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ecO 2013, week 6 notes

by: Lauren Carstens

ecO 2013, week 6 notes Eco2013

Marketplace > Florida State University > Economcs > Eco2013 > ecO 2013 week 6 notes
Lauren Carstens
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About this Document

We finished chapter 7 and began chapter 8 this week.
Principles of Macroeconomics
Joan Corey
Class Notes
Macro, Economics, Week 6, chapter 7, Chapter 8
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This 10 page Class Notes was uploaded by Lauren Carstens on Tuesday March 1, 2016. The Class Notes belongs to Eco2013 at Florida State University taught by Joan Corey in Spring 2016. Since its upload, it has received 41 views. For similar materials see Principles of Macroeconomics in Economcs at Florida State University.


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Date Created: 03/01/16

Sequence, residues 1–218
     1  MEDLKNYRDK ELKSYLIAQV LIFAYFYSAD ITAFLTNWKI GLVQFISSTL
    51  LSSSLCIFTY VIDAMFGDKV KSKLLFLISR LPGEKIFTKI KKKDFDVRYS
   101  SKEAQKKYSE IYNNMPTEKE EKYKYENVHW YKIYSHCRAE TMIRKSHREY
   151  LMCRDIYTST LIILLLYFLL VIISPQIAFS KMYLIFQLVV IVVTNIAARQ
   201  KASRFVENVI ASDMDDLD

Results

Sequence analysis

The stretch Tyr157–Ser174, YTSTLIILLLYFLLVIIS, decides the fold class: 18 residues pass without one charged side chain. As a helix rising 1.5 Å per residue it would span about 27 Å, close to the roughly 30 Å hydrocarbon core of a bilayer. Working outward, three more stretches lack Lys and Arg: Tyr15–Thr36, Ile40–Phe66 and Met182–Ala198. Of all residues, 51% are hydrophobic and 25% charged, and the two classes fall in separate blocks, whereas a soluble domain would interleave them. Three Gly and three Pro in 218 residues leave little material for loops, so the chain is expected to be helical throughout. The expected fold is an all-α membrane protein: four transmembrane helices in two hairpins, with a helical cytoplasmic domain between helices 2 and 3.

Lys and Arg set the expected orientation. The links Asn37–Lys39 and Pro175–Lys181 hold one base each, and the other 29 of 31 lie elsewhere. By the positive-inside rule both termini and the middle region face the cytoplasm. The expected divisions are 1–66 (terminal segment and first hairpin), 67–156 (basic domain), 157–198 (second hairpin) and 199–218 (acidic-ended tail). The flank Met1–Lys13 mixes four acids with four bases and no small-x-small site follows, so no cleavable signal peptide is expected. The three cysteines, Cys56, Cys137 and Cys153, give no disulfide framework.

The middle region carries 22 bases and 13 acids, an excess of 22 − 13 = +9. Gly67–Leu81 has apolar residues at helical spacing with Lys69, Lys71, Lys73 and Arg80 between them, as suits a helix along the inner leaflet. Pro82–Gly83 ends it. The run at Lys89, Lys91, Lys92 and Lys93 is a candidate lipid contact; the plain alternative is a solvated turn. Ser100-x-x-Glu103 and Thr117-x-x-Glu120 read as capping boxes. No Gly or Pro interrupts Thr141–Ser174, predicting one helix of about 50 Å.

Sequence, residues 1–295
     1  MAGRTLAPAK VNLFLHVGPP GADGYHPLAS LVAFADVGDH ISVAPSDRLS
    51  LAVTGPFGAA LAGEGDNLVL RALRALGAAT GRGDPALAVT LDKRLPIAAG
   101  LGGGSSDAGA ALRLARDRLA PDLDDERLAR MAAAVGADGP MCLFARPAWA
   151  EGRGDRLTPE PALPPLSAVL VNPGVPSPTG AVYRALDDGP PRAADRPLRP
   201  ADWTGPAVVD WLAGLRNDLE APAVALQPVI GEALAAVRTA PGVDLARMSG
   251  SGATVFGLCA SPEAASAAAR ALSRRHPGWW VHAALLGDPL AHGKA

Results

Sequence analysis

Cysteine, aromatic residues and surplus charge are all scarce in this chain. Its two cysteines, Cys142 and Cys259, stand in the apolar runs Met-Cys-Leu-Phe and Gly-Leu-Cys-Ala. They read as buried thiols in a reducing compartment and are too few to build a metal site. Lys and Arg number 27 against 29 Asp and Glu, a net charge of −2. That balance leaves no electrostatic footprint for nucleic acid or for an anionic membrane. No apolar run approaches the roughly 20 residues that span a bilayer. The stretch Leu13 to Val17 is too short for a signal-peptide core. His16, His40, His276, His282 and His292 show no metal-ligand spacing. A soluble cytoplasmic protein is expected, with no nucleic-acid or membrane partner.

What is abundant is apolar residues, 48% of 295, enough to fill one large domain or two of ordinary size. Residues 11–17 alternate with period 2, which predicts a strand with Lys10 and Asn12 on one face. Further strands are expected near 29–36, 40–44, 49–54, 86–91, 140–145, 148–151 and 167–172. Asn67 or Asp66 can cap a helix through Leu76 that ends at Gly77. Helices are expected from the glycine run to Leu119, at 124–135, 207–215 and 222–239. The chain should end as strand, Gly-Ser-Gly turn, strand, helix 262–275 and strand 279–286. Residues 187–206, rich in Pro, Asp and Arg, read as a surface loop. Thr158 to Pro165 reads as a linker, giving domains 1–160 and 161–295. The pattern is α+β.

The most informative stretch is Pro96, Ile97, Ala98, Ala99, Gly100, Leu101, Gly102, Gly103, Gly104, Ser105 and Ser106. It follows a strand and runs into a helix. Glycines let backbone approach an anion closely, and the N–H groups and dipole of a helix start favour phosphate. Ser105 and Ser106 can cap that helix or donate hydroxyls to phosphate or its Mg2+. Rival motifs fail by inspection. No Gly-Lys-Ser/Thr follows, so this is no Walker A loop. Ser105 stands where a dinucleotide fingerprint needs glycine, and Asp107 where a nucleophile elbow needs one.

Macroeconomics Chapter 7: Taking the Nation’s Economic Pulse Gross Domestic Product (GDP)  Gross Domestic Product: The market value of all final goods and services produced within a country during a specific period (usually a year/annually) o Market Value: Goods are weighted according to the purchase price of the good and service  The dollar is the common measure for the value of the good/service produced (convert everything into dollar amounts)  Goods that are considered to be worth more add more to the GDP  Total spending on all goods and services produced during the year is summed to obtain the annual GDP o Final Goods and services: goods and services purchased by their ultimate user  Ultimate user: The last user  Intermediate goods/services: Goods purchases for resale or for use in producing another good or service  Ex: If you buy a loaf of bread and then use it for sandwiches that you will sell, only the price of the sandwiches goes into the GDP  Avoid double counting: We don’t count intermediate goods because their value is contained within a final good  If you double count, you are overstating what GDP actually is  Ex: Making bread  Ex: Are tires an intermediate good or a final good o Could be both  Intermediate if being used for cars; final good if used as a tire swing o Production: Only goods and services that are produced are included in GDP, transfers are not  Not included: $100 graduation gift Welfare payments /government transfers Just giving money to someone to help them out Financial transactions (you’re not producing anything) o Note: sales commission is counted in GDP because they are being paid for doing something (only the sales commission is included, not the full payment) o Within a country: GDP only counts goods and services produced within the geographic borders of a country  Ex: Production of a Japanese car factory in the U.S. is included in U.S. GDP It’s still being produced in the country even if it’s run by the Japanese  Ex: Production of a U.S. Nike Shoe factory in Indonesia is NOT included in U.S. GDP Even if it is run by Americans, it is not within our borders o During a specific period: Only goods produced in 2016 are included in the figure for 2016 GDP  If it was made in the previous year and then sold in 2016, it is not included in the 2016 GDP because it was already added to the 2015 GDP  Two Ways to Measure GDP o Expenditure approach  Y=C+I+G+NX  Y: GDP  C: Consumption  Household spending on goods and services during the current period  Consists of o Durable goods (long lasting appliances: house, oven, car) o Nondurable goods (stuff that doesn’t last: food, trash bag) o Services (What intermediaries (stock broker, real estate agent, lawyer) do for you when you pay them)  Consumption is the largest component of GDP  I: Private Investment  Production or construction of capital goods that provide future service  Consists of: o Fixed investment (Buying a new factory or new fork lift that will contribute to future goods) o Inventory Investment (Ending inventory – beginning inventory)  G: Government Consumption and Gross Investment  Government Expenditures  Include spending on: o Goods and Services (staplers or paying police officers) o Capital goods (Goods that will be around for a while)  Does not include transfer payments  Government expenditures are counted at cost (not value) to tax payers  NX: Net Exports  Exports(X) – Imports(M) o Exports: Domestically produced goods and services sold abroad o Imports: Foreign produced goods and services that are produced domestically  Produced in another country and bought here  Usually a small negative number o Resource cost-income approach  1. Employee Compensation (54.6%)  2. Proprietors’ income (7.7%)  3. Rents (3.0%)  4. Corporate Profits (12.4%)  Profits eventually distributed to the shareholders  5. Interest income (3.2%)  Interest incurred on loans from individuals  6. Indirect Business taxes (7.4%)  Sales taxes  7. Depreciation (13.3%  Capital that’s been used up by a company  Value of a good depreciates over time  8. Net income of foreigners (-1.6%)  Amount of money foreigners are earning in the U.S – All the money the U.S. citizens are earning in other countries  U.S. citizens usually make more abroad than foreigners who are here   Will give you the same number as the expenditure approach Gross National Product (GNP)  Gross National Product (GNP) o Total market value of all final goods and services produced by the citizens of a country  It doesn’t matter where the citizens are, their production value gets added to our GNP  If someone from Japan is here producing, he will add to Japan’s GNP o Counts all the income of Americans earned abroad o Ignores the income foreigners earn in the U.S. Adjusting for Price Changes  Nominal Values: values expressed in current dollars  Real values: Values that have been adjusted for the effects of inflation o In the 1920s, coke was $0.05 but the Wage was about $0.35 / hour which gives about 7 cokes an hour Now, coke is about $1.25, but wage is about $8.75 which still gives you 7 cokes/hour  Price Index: Measures the cost of purchasing a market basket of goods at a point in time relative to the cost of purchasing the identical market basket during an earlier reference period o Stay within the same geographical area o PI= Cost of the bundle in the current year / Cost of same bundle in a base year o Ex: Beer and liquor o 2 Key Price Indexes  1. Consumer Price Index (CPI): Indicator of general level of prices. Compares the cost of a market basket in a specific period to the cost of the same basket in a different period  Designed to measure the impact of price changes on the cost of the typical bundles of goods purchased by households  Basket only includes things households tend to buy  2. GDP Deflator: reveals the cost during the current period of purchasing the items included in GDP relative to the cost during the base year  Includes anything included in the calculation for GDP  Broader than CPI because it includes capital goods and other goods purchased by businesses and government  Which should we use?  Depends on what you care about and what your goals are: o How do rising prices affect households?  Use CPI o If we want an economy wide measure of inflation?  Use GDP deflator  Calculating real values o To calculate real values, you need to know:  1. Nominal values  2. Price index for the current year and the year you are comparing it to  Real = Nominal x (PI base yearIcurrent year o Ex: Real GDP  Given: Nominal GDP in 2015= $18 trillion 1980: PI = 1 base year 2015: PI current year  Real = Nominal GDP (2015) x (PI (1980)/PI (2015))  18T x 1/3 = 6T  The 2015’s cancel out so this is in 1980 dollars Limitations of GDP  1. Excludes non-market production o Any production that happens at home or domestically, is not included in GDP o GDP can go down if you hire someone to do something for you and they later offer to do the same production for free  2. Excludes the underground economy o Underground economy: Any transactions that take place outside recorded market channels  Drug deals and prostitutes  3. Excludes leisure and human costs o Time it takes to produce things and physical risk is going down now, but that is not calculated into GDP  4. Difficulties measuring quality variation and introduction of new goods o Items may be sold for the same price in different years but be very different qualities  5. Excludes the cost of harmful side effects o Pollution Per Capita GDP  GDP/ Population  Per Capita GDP is a broad indicator of general living standards o How to define the richest/poorest countries in the world o High economic freedom often correlates to high Per Capita GDP Review 1. Define GDP 2. Know what gets included into GDP 3. Know the four components of the expenditure approach a. Y=C+I+G+NX 4. Define GNP 5. Be able to calculate a price index and real value a. Consumer Price Index vs. GDP deflator b. (Price index base year/ Price index of current year) x Nominal Value 6. Know the limitations of GDP Macroeconomics Chapter 8: Economic Fluctuations, Unemployment and Inflation Business Cycles  Business Cycle: Fluctuations in the general level of economic activity o Graph of Real GDP vs. time  Moves in cycles (as the economic prosperity increases and decreases)  Trendline: Growth of about 2-3% / year  Usually measured by two variables:  Changes in real GDP  Unemployment rate o Definitions:  1. Expansion: characterized by growing GDP and declining unemployment  2. Peak (boom): the height of the expansion phase  3. Contraction: characterized by falling GDP and rising unemployment  4. Trough: The lowest point of the contraction phase  5. Recession: A decline in GDP fro two or more consecutive quarters/ 6 months  An extended period of contraction  6. Depression: A prolonged and severe recession  Not a real measure for sever or prolonged Labor Market  Definitions o 1. Employed: If someone has worked full-time or part-time (even just a few hours) in the past week or, if not, is on vacation or sick leave from a regular job o 2. Unemployed: A person who is not currently employed, but is  Actively seeking employment (in the last 4 weeks)  Students and stay at home moms who are not looking for work are just not in the labor force  Waiting to start or return to a job  You’re not looking for work, but you’re waiting for the job you know you have  Teachers who have the summers off are unemployed in the summer o Note: Those who do not have a job and are NOT seeking employment are NOT considered unemployed  Just not in the labor force (discouraged workers) o Total Population:  Under 16 and/ or institutionalized  Over 16 and not institutionalized  Not in the labor force (full-time students, retirees, disabled)  In the labor force o Employed o Unemployed o 3. Civilian Labor Force: Number of people age 16 or older who are employed or unemployed  Employed + Unemployed o 4. Labor Force Participation Rate: Percent of population age 16 or older who is in the civilian labor force  Civilian Labor Force / Population (16 & older) o 5. Unemployment Rate: Percentage of people in the labor force who are unemployed  Unemployed / Civilian Labor Force  Can go down if more people start working, but also can go down if people stop looking/ are only working a few hours a week o 6. Employment / Population ratio: Percent of population age 16 and over who are employed  Employed / Population (16 & older) 3 Types of Unemployment f  1. Frictional Unemployment (U ): Unemployment resulting from changes in the economy and imperfect information that prevents workers form being immediately matched up with existing job openings o People will not take the first job opening they see right when they graduate because it may not match their skills/ expertise  2.